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Lab serves state's veterinary needs
MISSISSIPPI STATE -- Michael and Shuping Zhang work at the same facility, but you won't find this husband and wife team making dinner plans or coordinating transportation for their kids.
“If people ask about my husband, I tell them my husband is at home. We are just colleagues at work,” Shuping said. “We work in the same facility, but we each have our own sections.”
The Zhangs are associate professors in the Mississippi Veterinary Research and Diagnostic Laboratory operated by Mississippi State University's College of Veterinary Medicine in Pearl. He is a veterinary virologist overseeing the virology and molecular diagnostics sections, and she is a microbiologist in charge of the daily operations of the microbiology and serology sections.
The lab opened a new $18.5 million, 40,000-square-foot facility in 2006, joining the Poultry Research and Diagnostic Laboratory that had operated on the site since 2003. The two labs provide routine diagnostic work for all the veterinary clinics in the state and the poultry and livestock industries. They also are involved in monitoring for several significant diseases to prevent serious outbreaks.
Both the Zhangs are from China where they earned Doctor of Veterinary Medicine degrees before receiving doctorates at Kansas State University. Both came to MSU in 2002.
Shuping worked three years in poultry management in China, and then spent three years doing poultry research at the U.S. Department of Agriculture-Agricultural Research Service in Maryland. She worked at Texas A&M for three years in veterinary microbiology before coming to MSU. Michael did five years of post-doctoral work at Texas A&M before coming to MSU.
The Zhangs collaborated to set up a molecular diagnostic laboratory at the MSU facility.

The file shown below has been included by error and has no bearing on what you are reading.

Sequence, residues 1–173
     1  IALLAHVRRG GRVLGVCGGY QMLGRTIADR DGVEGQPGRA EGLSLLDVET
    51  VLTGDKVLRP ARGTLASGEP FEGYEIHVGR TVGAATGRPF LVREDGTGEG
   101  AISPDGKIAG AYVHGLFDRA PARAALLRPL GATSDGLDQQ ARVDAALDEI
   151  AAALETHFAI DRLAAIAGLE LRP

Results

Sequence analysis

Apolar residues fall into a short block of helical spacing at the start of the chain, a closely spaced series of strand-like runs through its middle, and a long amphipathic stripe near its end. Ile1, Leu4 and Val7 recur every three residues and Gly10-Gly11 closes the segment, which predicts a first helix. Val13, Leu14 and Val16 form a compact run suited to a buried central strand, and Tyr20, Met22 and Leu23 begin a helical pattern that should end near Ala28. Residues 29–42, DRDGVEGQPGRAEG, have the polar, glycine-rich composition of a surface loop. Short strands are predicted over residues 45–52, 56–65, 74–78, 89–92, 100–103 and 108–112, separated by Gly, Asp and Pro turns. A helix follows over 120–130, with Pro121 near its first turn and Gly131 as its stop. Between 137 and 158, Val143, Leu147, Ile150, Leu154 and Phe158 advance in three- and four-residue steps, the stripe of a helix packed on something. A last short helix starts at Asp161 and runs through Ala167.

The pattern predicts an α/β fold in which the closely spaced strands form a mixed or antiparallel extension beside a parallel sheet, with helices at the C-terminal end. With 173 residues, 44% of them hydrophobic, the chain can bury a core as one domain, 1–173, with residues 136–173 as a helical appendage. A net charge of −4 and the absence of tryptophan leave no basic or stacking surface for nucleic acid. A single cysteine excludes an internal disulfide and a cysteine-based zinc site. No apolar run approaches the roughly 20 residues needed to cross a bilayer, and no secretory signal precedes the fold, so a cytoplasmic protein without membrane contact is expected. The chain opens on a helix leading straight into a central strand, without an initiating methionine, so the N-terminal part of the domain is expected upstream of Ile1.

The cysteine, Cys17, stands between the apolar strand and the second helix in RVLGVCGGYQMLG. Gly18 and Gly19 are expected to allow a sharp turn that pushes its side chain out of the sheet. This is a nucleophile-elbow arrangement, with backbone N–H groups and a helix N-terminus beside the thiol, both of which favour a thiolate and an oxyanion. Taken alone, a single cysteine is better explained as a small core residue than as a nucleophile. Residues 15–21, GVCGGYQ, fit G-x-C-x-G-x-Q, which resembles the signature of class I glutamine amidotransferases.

“Before that, we didn't do any molecular tests, and now we have about 30 that we conduct here,” Michael said.
Lab director Lanny Pace said with the new building came the latest equipment and increased staff to prepare the facility for its function.
“Rapid diagnoses and responses are the keys to preventing catastrophic losses when a major disease outbreak occurs in an animal industry,” Pace said. “We are very fortunate to have people with the qualifications and skills that Shuping and Mike bring to our faculty.
“The support of the Mississippi Legislature, state veterinary association, state veterinarian, Commissioner of Agriculture and animal commodity groups to build a modern, state-of-the-art facility certainly contributed to our ability to recruit veterinary diagnosticians of this caliber to Mississippi State University,” he said.
The lab joined the National Animal Health Laboratory Network and participates in USDA surveillance programs for diseases such as avian influenza, exotic Newcastle disease, classical swine fever, as well as foot-and-mouth disease. At the state level, the research and diagnostic lab plays an important role in herd monitoring programs on bovine viral disease and Johne's disease sponsored by the Mississippi Board of Animal Health.
The lab also collaborated with the Mississippi Health Department and the Centers for Disease Control and Prevention on surveillance programs for West Nile virus, eastern equine encephalitis virus and St. Louis encephalitis virus in Mississippi until this year when that program was no longer funded.
“Our case load has been steadily increasing since 2003, and samples come in from all veterinary clinics across the state,” Michael said, estimating that routine diagnostic work consumes at least 70 percent of his time.
Each spring, Michael teaches a CVM class in Starkville, and he supervises four technicians and a graduate student.
“I'm very grateful for MSU giving me the opportunity to serve,” Michael said.
Shuping's lab work involves mammals and poultry. She handles blood, urine, feces, tissue and other samples from all animal species. Her job is to diagnose infectious diseases in animals using microbiological, serological and molecular methods. She also performs antimicrobial susceptibility testing to help clinicians find the best drug for treatment. She has a staff of five plus graduate students who contribute to the service and research programs of the laboratory.
“It is my goal and dream to make our lab nationally visible,” Shuping said. “Our mission is to provide the best quality services to all our clients in the state and nearby region. In the process, we want to bring our state and college to the next level.”
Contact: Dr. Lanny Pace (601) 420-2700